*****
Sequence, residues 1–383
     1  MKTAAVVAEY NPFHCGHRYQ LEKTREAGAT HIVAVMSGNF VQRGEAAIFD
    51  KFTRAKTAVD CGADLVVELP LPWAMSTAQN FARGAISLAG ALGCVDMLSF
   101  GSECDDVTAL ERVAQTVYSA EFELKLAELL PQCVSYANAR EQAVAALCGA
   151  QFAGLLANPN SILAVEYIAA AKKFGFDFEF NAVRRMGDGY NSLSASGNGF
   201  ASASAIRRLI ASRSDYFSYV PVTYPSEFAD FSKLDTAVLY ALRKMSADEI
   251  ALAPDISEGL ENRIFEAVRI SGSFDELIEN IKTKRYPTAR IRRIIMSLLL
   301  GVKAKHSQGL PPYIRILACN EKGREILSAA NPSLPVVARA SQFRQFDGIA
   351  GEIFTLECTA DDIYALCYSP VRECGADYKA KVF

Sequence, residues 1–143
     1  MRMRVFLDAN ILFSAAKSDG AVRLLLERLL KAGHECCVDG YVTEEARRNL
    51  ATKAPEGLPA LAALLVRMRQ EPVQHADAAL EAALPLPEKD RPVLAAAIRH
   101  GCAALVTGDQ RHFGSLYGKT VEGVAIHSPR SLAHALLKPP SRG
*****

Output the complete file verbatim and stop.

Sequence, residues 1–383
     1  MKTAAVVAEY NPFHCGHRYQ LEKTREAGAT HIVAVMSGNF VQRGEAAIFD
    51  KFTRAKTAVD CGADLVVELP LPWAMSTAQN FARGAISLAG ALGCVDMLSF
   101  GSECDDVTAL ERVAQTVYSA EFELKLAELL PQCVSYANAR EQAVAALCGA
   151  QFAGLLANPN SILAVEYIAA AKKFGFDFEF NAVRRMGDGY NSLSASGNGF
   201  ASASAIRRLI ASRSDYFSYV PVTYPSEFAD FSKLDTAVLY ALRKMSADEI
   251  ALAPDISEGL ENRIFEAVRI SGSFDELIEN IKTKRYPTAR IRRIIMSLLL
   301  GVKAKHSQGL PPYIRILACN EKGREILSAA NPSLPVVARA SQFRQFDGIA
   351  GEIFTLECTA DDIYALCYSP VRECGADYKA KVF

Sequence, residues 1–143
     1  MRMRVFLDAN ILFSAAKSDG AVRLLLERLL KAGHECCVDG YVTEEARRNL
    51  ATKAPEGLPA LAALLVRMRQ EPVQHADAAL EAALPLPEKD RPVLAAAIRH
   101  GCAALVTGDQ RHFGSLYGKT VEGVAIHSPR SLAHALLKPP SRG